Look, up in the sky! It's a bird! It's a plane!
No, it's another "Spider-Man" rumor.
For nearly seven years, speculation has run rampant among comic-book geeks and genre-film fanatics about the red-and-blue building-climbing superhero. Nearly every director worth his box-office salt has been linked to "Spider-Man" at one time or another, beginning with no less than James Cameron ("Titanic") and ending with Sam Raimi ("A Simple Plan," "For Love of the Game"), who is now supposedly the front-runner for the job.
One thing's for certain: "Spider-Man," one of the most highly anticipated films in memory, is now on the fast track at Columbia Pictures. The studio wants to release the film in summer 2001, and that means a director is expected to be hired soon -- perhaps within a few weeks. At long last, Marvel Comics' biggest franchise property will get his big-budget Hollywood makeover, a privilege that, until now, has been afforded only to characters from rival DC Comics (home of Batman and Superman).
"Spider-Man definitely has the potential to be a very successful franchise," says Mirko Parlevliet, creator of the Spider-Man Hype! Web site (www.spidermanhype.com), launched in March 1999 when years of legal battles over Spidey's theatrical rights ended and Marvel and Columbia struck a deal to make the movie.
"Unlike Batman and Superman, Spider-Man is a character many people can identify with," Parlevliet adds. "Peter Parker [the web-slinger's secret identity] is a teen-ager who is always picked on for the wrong reasons." He says Spidey is more realistic and down-to-earth than his DC rivals, a positive role model and a "fun guy" to chill out with. "How can you identify with a millionaire orphan or an alien with superpowers?"
For the record, this won't be the first live-action adaptation of the arachnid-man. There was a short-lived TV series in the late 1970s starring Nicholas Hammond as a pudgy Peter Parker. The show featured neato special-effects tricks, like tilting the camera sideways while Hammond crawled across the side of a wall. There also was a Japanese "Spider-Man" teleseries in the late 1970s, in which the web slinger drove around in a cool racecar. And the infamous Cannon Group proposed a Spider-Man movie during the 1980s but, thankfully, did not follow through. There have also been numerous cartoon series over the years.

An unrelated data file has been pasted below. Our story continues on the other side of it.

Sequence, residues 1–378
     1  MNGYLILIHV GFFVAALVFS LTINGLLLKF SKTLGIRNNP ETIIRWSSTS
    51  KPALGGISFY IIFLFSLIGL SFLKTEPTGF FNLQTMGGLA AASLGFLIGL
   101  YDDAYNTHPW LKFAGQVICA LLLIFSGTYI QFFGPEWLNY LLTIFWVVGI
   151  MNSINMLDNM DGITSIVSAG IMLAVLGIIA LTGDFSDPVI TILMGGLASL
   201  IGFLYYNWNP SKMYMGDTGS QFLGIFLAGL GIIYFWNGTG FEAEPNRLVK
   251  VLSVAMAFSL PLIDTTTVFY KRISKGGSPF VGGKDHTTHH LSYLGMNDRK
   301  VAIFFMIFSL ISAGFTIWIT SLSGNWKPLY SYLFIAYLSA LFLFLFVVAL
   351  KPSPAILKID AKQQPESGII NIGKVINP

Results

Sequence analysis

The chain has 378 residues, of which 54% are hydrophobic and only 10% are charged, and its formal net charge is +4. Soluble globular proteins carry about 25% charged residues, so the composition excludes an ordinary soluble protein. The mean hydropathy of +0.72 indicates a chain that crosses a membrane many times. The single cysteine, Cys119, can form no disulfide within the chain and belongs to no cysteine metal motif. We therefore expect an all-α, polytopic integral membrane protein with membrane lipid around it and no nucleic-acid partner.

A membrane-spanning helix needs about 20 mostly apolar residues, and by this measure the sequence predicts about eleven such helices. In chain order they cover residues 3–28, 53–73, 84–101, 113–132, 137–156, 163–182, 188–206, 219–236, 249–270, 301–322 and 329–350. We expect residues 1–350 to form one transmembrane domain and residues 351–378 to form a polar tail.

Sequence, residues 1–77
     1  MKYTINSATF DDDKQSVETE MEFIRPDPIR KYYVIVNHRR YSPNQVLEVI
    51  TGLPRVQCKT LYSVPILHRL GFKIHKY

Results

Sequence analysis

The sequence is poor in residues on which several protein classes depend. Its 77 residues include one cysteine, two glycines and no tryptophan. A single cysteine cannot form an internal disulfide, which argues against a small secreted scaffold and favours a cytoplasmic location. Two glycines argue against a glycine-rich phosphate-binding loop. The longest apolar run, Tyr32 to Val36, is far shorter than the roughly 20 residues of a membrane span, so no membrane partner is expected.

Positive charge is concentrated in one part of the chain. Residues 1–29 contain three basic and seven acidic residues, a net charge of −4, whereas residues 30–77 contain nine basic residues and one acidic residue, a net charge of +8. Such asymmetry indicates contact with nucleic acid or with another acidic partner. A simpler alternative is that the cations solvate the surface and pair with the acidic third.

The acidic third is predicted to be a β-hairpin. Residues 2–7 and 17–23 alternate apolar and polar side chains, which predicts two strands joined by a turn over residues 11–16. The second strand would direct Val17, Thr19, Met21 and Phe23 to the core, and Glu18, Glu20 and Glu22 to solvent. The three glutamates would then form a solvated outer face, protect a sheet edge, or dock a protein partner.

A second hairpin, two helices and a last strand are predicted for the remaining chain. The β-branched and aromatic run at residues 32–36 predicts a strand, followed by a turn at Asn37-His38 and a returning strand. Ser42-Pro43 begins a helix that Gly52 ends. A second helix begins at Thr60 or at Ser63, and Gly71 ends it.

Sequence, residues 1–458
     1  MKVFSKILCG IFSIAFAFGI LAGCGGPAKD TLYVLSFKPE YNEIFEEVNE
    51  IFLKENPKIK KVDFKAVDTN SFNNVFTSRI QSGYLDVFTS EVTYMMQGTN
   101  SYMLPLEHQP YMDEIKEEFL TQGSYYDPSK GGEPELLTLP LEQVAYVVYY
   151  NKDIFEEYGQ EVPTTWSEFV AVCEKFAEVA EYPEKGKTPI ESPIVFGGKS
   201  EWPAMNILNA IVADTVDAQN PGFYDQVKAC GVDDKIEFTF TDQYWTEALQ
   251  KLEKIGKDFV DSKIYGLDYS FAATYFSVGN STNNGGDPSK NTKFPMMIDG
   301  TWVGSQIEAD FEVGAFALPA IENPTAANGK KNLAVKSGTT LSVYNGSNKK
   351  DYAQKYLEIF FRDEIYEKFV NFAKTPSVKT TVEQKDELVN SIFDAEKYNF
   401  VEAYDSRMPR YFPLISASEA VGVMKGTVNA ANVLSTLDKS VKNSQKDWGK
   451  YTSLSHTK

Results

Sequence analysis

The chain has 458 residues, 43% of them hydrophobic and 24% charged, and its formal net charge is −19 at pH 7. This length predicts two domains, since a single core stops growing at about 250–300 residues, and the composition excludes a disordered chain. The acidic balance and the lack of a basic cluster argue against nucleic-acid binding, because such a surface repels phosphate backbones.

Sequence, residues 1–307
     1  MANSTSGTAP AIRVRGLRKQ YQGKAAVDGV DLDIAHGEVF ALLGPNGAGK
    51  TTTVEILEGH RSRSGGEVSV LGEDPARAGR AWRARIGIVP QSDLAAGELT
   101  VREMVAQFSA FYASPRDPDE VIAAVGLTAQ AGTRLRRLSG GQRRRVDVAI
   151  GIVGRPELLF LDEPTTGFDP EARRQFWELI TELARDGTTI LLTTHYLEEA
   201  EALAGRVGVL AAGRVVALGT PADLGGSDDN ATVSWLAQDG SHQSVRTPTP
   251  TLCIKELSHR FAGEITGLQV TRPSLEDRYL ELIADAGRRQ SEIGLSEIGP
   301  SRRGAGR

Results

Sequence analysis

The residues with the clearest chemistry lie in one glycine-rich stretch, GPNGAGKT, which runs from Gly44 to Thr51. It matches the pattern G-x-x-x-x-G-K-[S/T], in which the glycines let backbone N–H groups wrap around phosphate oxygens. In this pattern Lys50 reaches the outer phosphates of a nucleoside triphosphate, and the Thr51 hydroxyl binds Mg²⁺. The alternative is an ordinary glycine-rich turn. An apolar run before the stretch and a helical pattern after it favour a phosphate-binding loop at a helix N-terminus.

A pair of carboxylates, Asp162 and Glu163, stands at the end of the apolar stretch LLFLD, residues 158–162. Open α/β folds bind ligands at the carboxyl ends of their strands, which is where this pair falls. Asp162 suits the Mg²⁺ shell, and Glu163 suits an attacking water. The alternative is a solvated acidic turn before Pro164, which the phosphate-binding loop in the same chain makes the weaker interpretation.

The current Spider-Man project began as Cameron's brainchild; he wanted to make the movie immediately after "Terminator 2: Judgment Day." Cameron wrote a lengthy Spidey treatment and Carolco obtained the theatrical rights to the character -- or so it thought. Pretty soon it seemed like everyone in Tinseltown was suing to get a piece of the Peter Parker pie.
By the time Sony/Columbia emerged as the Spidey legal sweepstakes winner, Cameron had signed an exclusive deal with Fox that basically barred him from directing the superflick. However, Sony got the rights to Cameron's treatment, and screenwriter David Koepp ("The Lost World") was hired to fashion a screenplay out of The King of the World's outline.
For the record, the following names have been linked to "Spider-Man" since 1993:
James Cameron, Ron Howard, Tim Burton, Ridley Scott, David Fincher, Chris Columbus, Jan De Bont, Stephen Sommers, Ivan Reitman, Barry Sonnenfeld, Sam Raimi, the Wachowski brothers, Terry Gilliam and Robert Rodriguez, in no particular order, have been rumored to direct.
Charlie Sheen, Corin Nemec ("Parker Lewis Can't Lose"), Michael Biehn ("Aliens," "Terminator"), Bruce Campbell ("Army of Darkness"), Jason Patric, Leonardo DiCaprio, Owen Wilson, Jim Carrey and Australian actor Heath Ledger ("10 Things I Hate About You") have all been rumored to star as Peter Parker/Spidey.
In the villain department, Jack Nicholson has been pegged as Spider-Man's arch nemesis, the Green Goblin, while Arnold Schwarzenegger could play either Doctor Octopus or Venom, according to the rumor mill. There hasn't been much talk about who might play Peter's girlfriend, Mary Jane, or his editor at the Daily Bugle, the hot-headed J. Jonah Jameson.
David Mamet, if you believe the latest word, has been secretly hired by Columbia to revamp David Koepp's screenplay.